Another fancy large roll is the Caterpillar -- a spicy tuna roll which is draped with avocado slices on the outside. (Pictured at the top.) Depending on the chef and the presentation possibilities of your overall order, they may present this in a snake along your platter, with markings and scallion anntennae so that it looks like a big caterpillar.

The other big roll we like here is the Futomaki (pictured on the Right), which I understand just means "Big roll". At a lot of places, this is served as a selection of fishes, but here it is filled with crab, cucumber, avocado, kampyo, egg, and the crisp, sweet radish pickle that they serve as a side dish for many of their Korean dishes. This roll is lightly sweet flavored, and a good respite for some of the heavier rolls.

We usually order a big roll per person, and then fill in the rest with smaller rolls, like an asparagus, or avocado roll. Maybe a plain spicy crab or tuna. In the picture, I believe that's a Spicy Crab along the left, and Asparagus roll between the Caterpillar and the Spicy Shrimp Tempura, and a Cucumber and Avocado roll at the bottom of the picture above.

Below is what the tray looked like moments after serving. (It was completely empty soon after that.)

I hope to have some pictures and do a review of the Korean food at Midori soon, especially the Hot Stone Bowl Bibimbap, and maybe the noodle soup with shrimp tempura in it. In the meantime, just remember you can get good Korean food there. (And for great mom and pop Korean food in East Lansing, you can't beat Korean House in the Trowbridge shopping center. )

Midori Sushi and Korean BBQ, 436 Elmwood Rd, Lansing. (527) 323-7991.

Recommended Links:
Much as I love Korean food, you'd think I'd have more blog links. But alas, right now I only have one. My Korean Kitchen. Although Zen Kimchi really looks promising.

Monday, November 12, 2007

Roma Bakery, Grocery and Deli

Roma Bakery is a specialty grocery and bakery, located a little bit north of Oldsmobile Park on North Cedar. Anything you might want in a mediterranean cuisine, they have. Oils, vinegars, a whole wall of bulk spices. Dozens of varieties each of special ingredients like capers. Their deli case has Italian cured meats and cheeses. They even provide frozen dough in the dairy case for when you want to make your own pizzas at home.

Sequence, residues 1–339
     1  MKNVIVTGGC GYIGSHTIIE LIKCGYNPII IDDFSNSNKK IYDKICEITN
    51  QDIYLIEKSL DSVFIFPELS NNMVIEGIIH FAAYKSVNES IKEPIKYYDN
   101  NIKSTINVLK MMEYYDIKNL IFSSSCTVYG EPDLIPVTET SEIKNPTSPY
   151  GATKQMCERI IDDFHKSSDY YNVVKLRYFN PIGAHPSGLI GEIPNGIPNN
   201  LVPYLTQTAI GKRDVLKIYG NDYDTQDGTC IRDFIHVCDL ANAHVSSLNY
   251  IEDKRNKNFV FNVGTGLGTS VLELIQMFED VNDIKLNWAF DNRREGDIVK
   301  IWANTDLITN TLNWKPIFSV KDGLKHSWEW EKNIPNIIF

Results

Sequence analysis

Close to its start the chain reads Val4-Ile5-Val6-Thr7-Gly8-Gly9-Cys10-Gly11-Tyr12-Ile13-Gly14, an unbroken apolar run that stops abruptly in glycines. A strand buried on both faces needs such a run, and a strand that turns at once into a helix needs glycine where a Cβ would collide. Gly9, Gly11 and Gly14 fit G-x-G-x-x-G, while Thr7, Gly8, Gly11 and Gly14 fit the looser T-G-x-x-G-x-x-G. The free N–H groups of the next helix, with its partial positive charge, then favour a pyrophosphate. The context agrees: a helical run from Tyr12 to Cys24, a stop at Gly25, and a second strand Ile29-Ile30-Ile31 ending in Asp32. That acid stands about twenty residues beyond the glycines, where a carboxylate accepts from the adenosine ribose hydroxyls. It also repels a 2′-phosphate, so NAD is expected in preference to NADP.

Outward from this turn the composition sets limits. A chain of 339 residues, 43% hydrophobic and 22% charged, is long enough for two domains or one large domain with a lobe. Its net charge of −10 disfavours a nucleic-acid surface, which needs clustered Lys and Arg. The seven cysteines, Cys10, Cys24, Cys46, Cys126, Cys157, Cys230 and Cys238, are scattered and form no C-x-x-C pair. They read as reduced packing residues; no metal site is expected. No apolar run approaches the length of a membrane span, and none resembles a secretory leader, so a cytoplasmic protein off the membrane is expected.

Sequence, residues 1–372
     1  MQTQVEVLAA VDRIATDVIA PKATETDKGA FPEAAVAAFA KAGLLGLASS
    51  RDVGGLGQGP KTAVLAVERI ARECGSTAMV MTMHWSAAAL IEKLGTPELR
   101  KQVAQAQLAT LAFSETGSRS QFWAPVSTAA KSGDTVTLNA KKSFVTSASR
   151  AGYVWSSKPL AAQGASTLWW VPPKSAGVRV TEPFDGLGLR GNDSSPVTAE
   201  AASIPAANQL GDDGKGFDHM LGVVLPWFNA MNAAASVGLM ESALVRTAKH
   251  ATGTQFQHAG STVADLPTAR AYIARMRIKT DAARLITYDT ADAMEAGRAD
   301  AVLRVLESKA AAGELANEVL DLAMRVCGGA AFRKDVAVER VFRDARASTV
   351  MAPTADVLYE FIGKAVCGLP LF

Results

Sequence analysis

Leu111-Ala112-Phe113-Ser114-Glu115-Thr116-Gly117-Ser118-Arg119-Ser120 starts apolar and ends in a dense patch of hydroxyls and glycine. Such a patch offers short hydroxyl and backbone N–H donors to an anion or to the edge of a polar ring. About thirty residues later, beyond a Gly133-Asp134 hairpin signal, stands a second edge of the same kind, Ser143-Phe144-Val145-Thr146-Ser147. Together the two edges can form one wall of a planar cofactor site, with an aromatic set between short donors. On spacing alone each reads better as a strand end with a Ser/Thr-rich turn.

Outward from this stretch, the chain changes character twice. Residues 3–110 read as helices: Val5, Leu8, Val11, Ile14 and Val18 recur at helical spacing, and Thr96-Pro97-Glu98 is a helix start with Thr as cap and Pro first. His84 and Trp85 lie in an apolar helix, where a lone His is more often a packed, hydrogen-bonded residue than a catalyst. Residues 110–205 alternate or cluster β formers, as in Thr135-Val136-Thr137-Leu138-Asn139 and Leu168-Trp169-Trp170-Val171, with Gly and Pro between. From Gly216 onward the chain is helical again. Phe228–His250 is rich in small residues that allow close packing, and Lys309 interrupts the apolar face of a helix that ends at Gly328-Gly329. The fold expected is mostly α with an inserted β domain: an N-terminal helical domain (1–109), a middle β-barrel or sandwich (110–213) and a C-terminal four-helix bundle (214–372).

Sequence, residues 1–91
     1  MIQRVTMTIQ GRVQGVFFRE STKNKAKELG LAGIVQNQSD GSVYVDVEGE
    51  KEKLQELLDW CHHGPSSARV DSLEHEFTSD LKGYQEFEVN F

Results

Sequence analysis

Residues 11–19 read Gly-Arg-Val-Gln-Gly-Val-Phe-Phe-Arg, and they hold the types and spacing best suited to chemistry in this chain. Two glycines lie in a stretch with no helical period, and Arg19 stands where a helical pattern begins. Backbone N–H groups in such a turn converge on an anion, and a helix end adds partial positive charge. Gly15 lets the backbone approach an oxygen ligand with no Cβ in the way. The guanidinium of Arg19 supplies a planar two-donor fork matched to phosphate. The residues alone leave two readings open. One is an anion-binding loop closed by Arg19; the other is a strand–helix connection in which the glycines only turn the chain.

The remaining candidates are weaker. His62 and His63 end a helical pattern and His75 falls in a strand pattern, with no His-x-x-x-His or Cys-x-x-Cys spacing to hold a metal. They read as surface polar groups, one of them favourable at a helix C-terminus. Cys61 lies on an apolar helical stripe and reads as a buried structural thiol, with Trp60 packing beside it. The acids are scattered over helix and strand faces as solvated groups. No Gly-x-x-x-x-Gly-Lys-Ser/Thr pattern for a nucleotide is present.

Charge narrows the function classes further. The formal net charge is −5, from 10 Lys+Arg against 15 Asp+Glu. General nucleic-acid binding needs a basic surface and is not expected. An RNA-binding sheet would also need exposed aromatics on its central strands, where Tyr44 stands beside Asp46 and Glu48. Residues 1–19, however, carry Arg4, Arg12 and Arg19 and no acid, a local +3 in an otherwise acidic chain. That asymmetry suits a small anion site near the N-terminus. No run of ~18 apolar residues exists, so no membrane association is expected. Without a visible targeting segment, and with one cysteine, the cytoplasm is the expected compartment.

But they are also a deli, and their sandwiches are small but hearty and, well, just really good. The subs are made with REAL BREAD -- crusty sub rolls they make themselves. I really like their #2 sandwich: prosciutto, lettuce, tomato and olive oil, but the prosciutto is pretty salty and I'm often burping it up for the rest of the day. So I usually opt for a #13 Lugnut Special(pictured above): ham, turkey, lettuce, tomato and mayo. But they have a great variety of other fillings, from Italian favorites like cappicola, pepperoni and salami, to plain old ham and swiss.

You can also get a small selection of salads and pastas by the pound, or slices of pizza or Greek spinach pie.

Their bread is good Italian stuff. Unlike many of the yuppie bakeries in town, this bread has crust! And unlike Paneras, it also has substance. While I do like Zingerman's bread a little better, Zingerman's has to be trucked in and is expensive.

Their pastry case is filled with sweet treats of every kind imaginable, from biscotti to strawberry tarts. (It's hard to escape that counter, and you have to approach it to get the bread.) They also do cakes and cornucopias for banquets and weddings. In March, they are famous for their Paczki (Polish jelly donut/pastries traditionally eaten for Mardi Gras).

Roma Bakery. 428 North Cedar Street. 517-485-9466. Their website is mainly geared toward catering and wedding cake customers.

Thursday, November 08, 2007

Suria Malaysian Restaurant

(Editor's Note: Suria is closed. There is no place in town that I know of to get Malaysian food anymore. Sigh.)

I've mentioned Suria before, but I didn't have time for a full review, and they have changed their menu a bit in the new location. (The biggest change is that they no longer seem to have the big bowls necessary to serve the soup-style dishes, although they will try serving it on a large plate if you request a favorite dish from their former restaurant.)

Malaysian food has a lot in common with Indian, Chinese and Thai, and yet it's entirely it's own cuisine. A lot of curries and noodles, and can be very very spicey. They also serve Chinese food for the more timid, but I can't tell you how good it is because I always get the Malaysian food. Another great thing for the uninitiated: they have pictures of the dishes on the menu, which helps you remember what you had last time.

The most amazing thing is the appetizer Roti Canai (ROE-tee CHEN-eye) a stretchy, flakey flat bread which seems to me to be a cross between Naan and Croissants. I've been trying to make Roti at home, and though I think I've done pretty well on the Indian version, the ultra-thin layers of the Malaysian version are inhumanly impossible. (Well, okay, maybe superhumanly possible, kinda like my grandmother's pie dough.) This is melt-in-your mouth stuff. It comes with a little bowl of hot curry sauce to dip, that's just perfect with the buttery bread. (Note, you get one piece of bread with an order -- be sure to ask for a piece for everyone in the group, because you'll all want your own.)